CFOs are under consistent pressure to ensure that an organisation is delivering. From the more obvious responsibilities such as financial performance, budgeting and analysis, to holding key influence when it comes to hiring as well as onboarding new partners and vendors, CFOs have an ever-growing list of things that they need to keep tabs on.
With many organisations forced to completely review their working practices due to the pandemic, the questions that CFOs are asking themselves in today’s market have changed to what they would have been even three years ago!
Here are the top 5 questions that we believe CFOs should be asking themselves to stay ahead of the curve.
Is our headcount where it needs to be, and do I have the right skill sets in the right places?
CFOs are increasingly involved in conversations regarding hiring, and although they won’t directly be part of an HR or Talent function, there will be an oversight. An article by Launchways discussed this in-depth, highlighting that “CFOs are strategists, and in today’s competitive labour market, your company’s growth is tied to retaining and recruiting top talent.”
If you’re a CFO who currently has a window into hiring, regardless of whether it’s for your own team or for another function, you need to ensure that you’re consistently checking that the right talent is in the right places, and also having open conversations about headcount budget for teams that need it.
If you’re in a CFO position where you don’t have any insight into this at all, you should aim to be a part of these conversations at least once a quarter. Collaborating on headcount requirements enables better business growth on all fronts.
Additionally, this will give you valuable data on the return on investment of specific hires, and whether you’re also remunerating correctly. The market is incredibly competitive for both permanent and contract roles, so staying ahead of the curve of this is crucial for long-term value and success.
Have we invested in the right tools and technology, and if not, what else do we need?
Along with hiring, ensuring that you have the adequate tools and technology for your team is crucial to adding long-term value and guaranteeing business performance.
An article by Forbes discussed this in depth back in 2020, explaining that “the CFO is responsible for executing strategy and controlling the pace of transformation through resource allocation and project management. It is also the perfect C-suite spot to collaborate with other business functions such as IT, sales and marketing. From analytics to AI, the right digital tools enable the CFO to boost efficiency as well as to derive useful insights that drive the best decision-making on behalf of the company.”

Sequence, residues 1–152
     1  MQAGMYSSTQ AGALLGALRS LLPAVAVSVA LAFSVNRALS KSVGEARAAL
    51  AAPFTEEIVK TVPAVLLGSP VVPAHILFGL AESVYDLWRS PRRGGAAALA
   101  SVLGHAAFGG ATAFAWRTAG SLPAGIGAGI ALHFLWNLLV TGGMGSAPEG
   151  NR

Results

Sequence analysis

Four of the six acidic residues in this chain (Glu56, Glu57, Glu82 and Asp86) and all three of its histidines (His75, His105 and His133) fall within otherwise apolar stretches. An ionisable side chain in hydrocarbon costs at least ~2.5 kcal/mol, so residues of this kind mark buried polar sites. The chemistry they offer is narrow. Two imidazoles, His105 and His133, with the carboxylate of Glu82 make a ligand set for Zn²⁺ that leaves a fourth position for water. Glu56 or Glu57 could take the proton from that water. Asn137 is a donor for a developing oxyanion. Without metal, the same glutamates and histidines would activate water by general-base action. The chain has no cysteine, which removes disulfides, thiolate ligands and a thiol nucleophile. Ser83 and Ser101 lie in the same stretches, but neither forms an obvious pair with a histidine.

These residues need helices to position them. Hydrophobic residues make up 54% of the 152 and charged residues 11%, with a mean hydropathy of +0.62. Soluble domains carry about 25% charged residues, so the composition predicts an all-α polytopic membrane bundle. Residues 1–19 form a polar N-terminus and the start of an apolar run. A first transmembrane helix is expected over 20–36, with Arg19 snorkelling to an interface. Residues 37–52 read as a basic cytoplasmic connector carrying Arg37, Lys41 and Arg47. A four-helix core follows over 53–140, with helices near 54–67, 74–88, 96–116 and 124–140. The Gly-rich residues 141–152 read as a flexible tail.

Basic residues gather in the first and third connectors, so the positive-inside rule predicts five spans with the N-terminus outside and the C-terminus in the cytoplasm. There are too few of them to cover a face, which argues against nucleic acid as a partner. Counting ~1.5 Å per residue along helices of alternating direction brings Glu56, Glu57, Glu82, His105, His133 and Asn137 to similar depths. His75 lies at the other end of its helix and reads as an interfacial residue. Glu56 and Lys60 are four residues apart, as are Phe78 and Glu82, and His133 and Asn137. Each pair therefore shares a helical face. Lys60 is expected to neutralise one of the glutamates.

As a CFO, you want to have a comprehensive understanding of the current tech that is in place, not only because it will be integral for digital transformation, but also because you can understand what areas of technology need to be invested in.
All of these elements directly impact business performance, and failure to stay on top of technology can result in dire consequences.
How can my team make better decisions?
From your direct reports through to those who sit at the same seniority as you, you must ask how you can make better decisions as a collective. Decision fatigue was rife during the pandemic, and many leaders are still feeling the effects now.
Losing momentum in decision-making can have a drastic impact on the performance of the business as well as the culture and well-being of those in it. Data-driven decisions should form the basis of what you do.
Are we on a level playing field with our competitors, and if not, how can we be better?
Competitor analysis is crucial to business success, but equally, you don’t want to fall into the trap of “maintaining” alongside your competitors. Instead, you want to ensure that you’re pushing boundaries to increase business performance.
Gartner produced a compelling think-piece on this exact topic and expressed that relating to competitive differentiation, “focusing resource allocation on differentiation can be challenging, though, especially as it may mean pushing back on business leaders who want to undertake growth investments for which they seem to have a decent business case. CFOs may lack the domain knowledge to argue — or to understand the organisation’s points of differentiation — even when they understand the value proposition of the business.”
Some food for thought is looking at ways that you can be on a level playing field with competitors – whilst also creating room for innovative ideas that will elevate the organisation further.
Are our current partners good enough?
From staffing partners through to vendors, doing regular audits of the organisation’s partners will keep you lean from a cash flow perspective, as well as ensure that you’re keeping partners across all disciplines of the organisation accountable.